Navigating through this fast-paced Hollywood is Rick Dalton (Leonardo DiCaprio), a fading star of TV westerns trying to break into the movies, and his best friend and longtime stuntman, Cliff Booth (Brad Pitt). Both characters are complete fabrications, as are most of the titles they’re associated with, like Kill Me Now Ringo, Said the Gringo and Three in an Attic. And as Tarantino detours his narrative through depictions of these fictional projects, subjecting us to many scenes of Dalton playing different characters, this at first just seems like an excuse to make spoofy versions of disposable Hollywood product, like the fake trailers that appear between Planet Terror and Death Proof in Grindhouse. But these scenes actually serve to sketch the shifting dynamics on film sets of the late-‘60s, like the emergence of Method acting, and they also position Dalton as a kind of Tarantino surrogate.
In one of the film’s most clever sequences, Dalton regales his eight-year-old co-star (Julia Butters), in between takes on the set of some low-budget western, with the story of the novel that he’s been reading. The character in the story is an aging cowboy who used to be the best but now is a shadow of his former self. As Dalton tells the story of the man’s misfortune, and all his aches and pains, he starts to well up, obviously recognizing how much this all applies to him. But the way the sequence plays out, with the young girl with the forceful feminist outlook putting Dalton in his place when he tries to call her by a cute nickname, effectively puts Tarantino in the hot seat, and for that matter DiCaprio, another artist whose aging career comes with the danger of obsolescence and of falling out of step with the times.
Progressing on a parallel track to Dalton and Booth’s narratives is another storyline, and the one that Once Upon a Time…in Hollywood has already become infamous for. The real-life Sharon Tate (Margo Robbie) comes to feel like the flipside of Dalton and Booth, her next-door neighbors in the film. The “It” girl flits through parties with her celebrated Polish filmmaker husband, Roman Polanski (Rafal Zawierucha), and good friend, Jay Sebring (Emile Hirsch). If the changing times threaten to discard and ignore Dalton and Booth, they’re bringing Tate too much attention: At various points in Tarantino’s film, she’s watched and coveted from afar, as in a scene in which Steve McQueen (Damian Lewis) gossips while ogling her at a party.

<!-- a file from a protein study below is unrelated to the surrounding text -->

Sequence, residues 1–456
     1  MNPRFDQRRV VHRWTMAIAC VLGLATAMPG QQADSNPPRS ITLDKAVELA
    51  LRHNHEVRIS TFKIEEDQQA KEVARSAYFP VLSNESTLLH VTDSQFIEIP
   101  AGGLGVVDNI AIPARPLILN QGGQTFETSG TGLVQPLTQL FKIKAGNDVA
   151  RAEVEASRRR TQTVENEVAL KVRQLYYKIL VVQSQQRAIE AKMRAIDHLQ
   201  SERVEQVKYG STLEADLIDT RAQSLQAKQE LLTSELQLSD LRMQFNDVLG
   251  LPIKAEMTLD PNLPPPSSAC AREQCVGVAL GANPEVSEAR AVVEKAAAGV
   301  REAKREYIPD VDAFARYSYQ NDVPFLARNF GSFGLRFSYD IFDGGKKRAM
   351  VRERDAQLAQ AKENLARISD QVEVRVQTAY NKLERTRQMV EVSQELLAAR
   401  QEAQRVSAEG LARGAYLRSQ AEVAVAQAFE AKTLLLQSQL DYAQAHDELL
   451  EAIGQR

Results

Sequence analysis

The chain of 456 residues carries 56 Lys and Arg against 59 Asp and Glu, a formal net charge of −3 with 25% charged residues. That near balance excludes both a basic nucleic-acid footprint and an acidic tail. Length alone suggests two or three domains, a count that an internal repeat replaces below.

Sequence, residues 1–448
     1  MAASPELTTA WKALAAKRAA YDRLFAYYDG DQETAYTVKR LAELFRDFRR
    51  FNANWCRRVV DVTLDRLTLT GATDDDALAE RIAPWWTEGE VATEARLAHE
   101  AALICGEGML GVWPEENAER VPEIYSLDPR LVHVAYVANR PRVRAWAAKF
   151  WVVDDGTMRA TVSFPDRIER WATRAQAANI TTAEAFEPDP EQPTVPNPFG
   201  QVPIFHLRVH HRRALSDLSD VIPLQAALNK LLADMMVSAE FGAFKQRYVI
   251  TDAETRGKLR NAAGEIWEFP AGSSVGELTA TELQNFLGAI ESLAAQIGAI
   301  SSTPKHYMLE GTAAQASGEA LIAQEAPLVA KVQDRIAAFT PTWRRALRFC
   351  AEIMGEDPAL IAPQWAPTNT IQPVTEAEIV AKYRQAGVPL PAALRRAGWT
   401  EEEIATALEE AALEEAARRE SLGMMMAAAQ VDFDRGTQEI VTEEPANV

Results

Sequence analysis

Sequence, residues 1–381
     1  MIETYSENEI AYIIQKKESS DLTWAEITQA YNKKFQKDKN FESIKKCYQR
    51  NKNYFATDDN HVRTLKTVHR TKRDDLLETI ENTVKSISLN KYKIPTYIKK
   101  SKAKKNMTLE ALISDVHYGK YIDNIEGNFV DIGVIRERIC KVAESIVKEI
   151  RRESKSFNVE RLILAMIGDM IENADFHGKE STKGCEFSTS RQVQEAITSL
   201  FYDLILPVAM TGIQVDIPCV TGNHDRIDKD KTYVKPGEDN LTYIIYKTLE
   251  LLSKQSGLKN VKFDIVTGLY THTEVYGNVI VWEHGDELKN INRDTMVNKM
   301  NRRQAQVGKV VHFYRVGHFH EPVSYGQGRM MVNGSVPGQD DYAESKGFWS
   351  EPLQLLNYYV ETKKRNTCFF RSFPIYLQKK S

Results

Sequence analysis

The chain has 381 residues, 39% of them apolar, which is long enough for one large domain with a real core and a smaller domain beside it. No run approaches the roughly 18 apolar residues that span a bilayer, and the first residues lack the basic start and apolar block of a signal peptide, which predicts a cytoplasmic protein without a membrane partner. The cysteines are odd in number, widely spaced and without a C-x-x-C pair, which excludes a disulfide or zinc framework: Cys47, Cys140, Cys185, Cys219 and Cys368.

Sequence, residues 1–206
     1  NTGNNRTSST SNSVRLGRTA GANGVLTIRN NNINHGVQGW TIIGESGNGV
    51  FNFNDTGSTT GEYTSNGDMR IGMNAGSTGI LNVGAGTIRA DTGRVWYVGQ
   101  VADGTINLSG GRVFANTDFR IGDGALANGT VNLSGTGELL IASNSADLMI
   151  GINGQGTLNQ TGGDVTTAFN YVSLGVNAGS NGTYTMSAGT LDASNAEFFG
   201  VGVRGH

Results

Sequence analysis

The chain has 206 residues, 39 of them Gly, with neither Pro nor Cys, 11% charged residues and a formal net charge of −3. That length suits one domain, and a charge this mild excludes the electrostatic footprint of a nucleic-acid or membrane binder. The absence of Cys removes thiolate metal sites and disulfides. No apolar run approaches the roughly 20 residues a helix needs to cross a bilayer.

In the film’s finest scene, Tate even watches herself: at a matinee screening of Phil Karlson’s 1968 Dean Martin vehicle The Wrecking Crew. The sequence is resonant in no small part for its layers, with Robbie, as Tate, watching the real Tate (Tarantino uses actual footage from The Wrecking Crew for the scene). The whole thing suggests a kind of eerie feedback loop of celebrity and its cycles of consumption, but it’s also a profoundly moving scene: Effortlessly nailing the moment, and without any dialogue, Robbie responds, in character, to the film on a diegetic level, watching her own performance, but at the same time, there’s also the added metatextual layer of Robbie watching the very actress whom she’s playing.
It’s the film’s commitment to fortifying its themes with such layers of self-reflexivity, while still anchoring its concepts to fully realized, emotionally invested characters, that makes it one of Tarantino’s great films—a dense but focused effort that validates the divisive artist’s status as one of American cinema’s preeminent pop-cultural figures. It’s also that self-reflexive lens through which to read Once Upon a Time…in Hollywood that makes its finale harder to write off as the misstep that it would otherwise seem to be. Tarantino does, perhaps unsurprisingly, revert to some of his more vexing shock-jock tendencies, and even squanders some of his film’s emotional gravitas. But it’s difficult to deny how effectively he sets up what’s to come, when, in the midst of a tense debate between members of the Manson Family, one young woman (Mikey Madison) delivers an incendiary edict: “If you grew up watching TV, you grew up watching murder—my idea is to kill the people who taught us to kill!”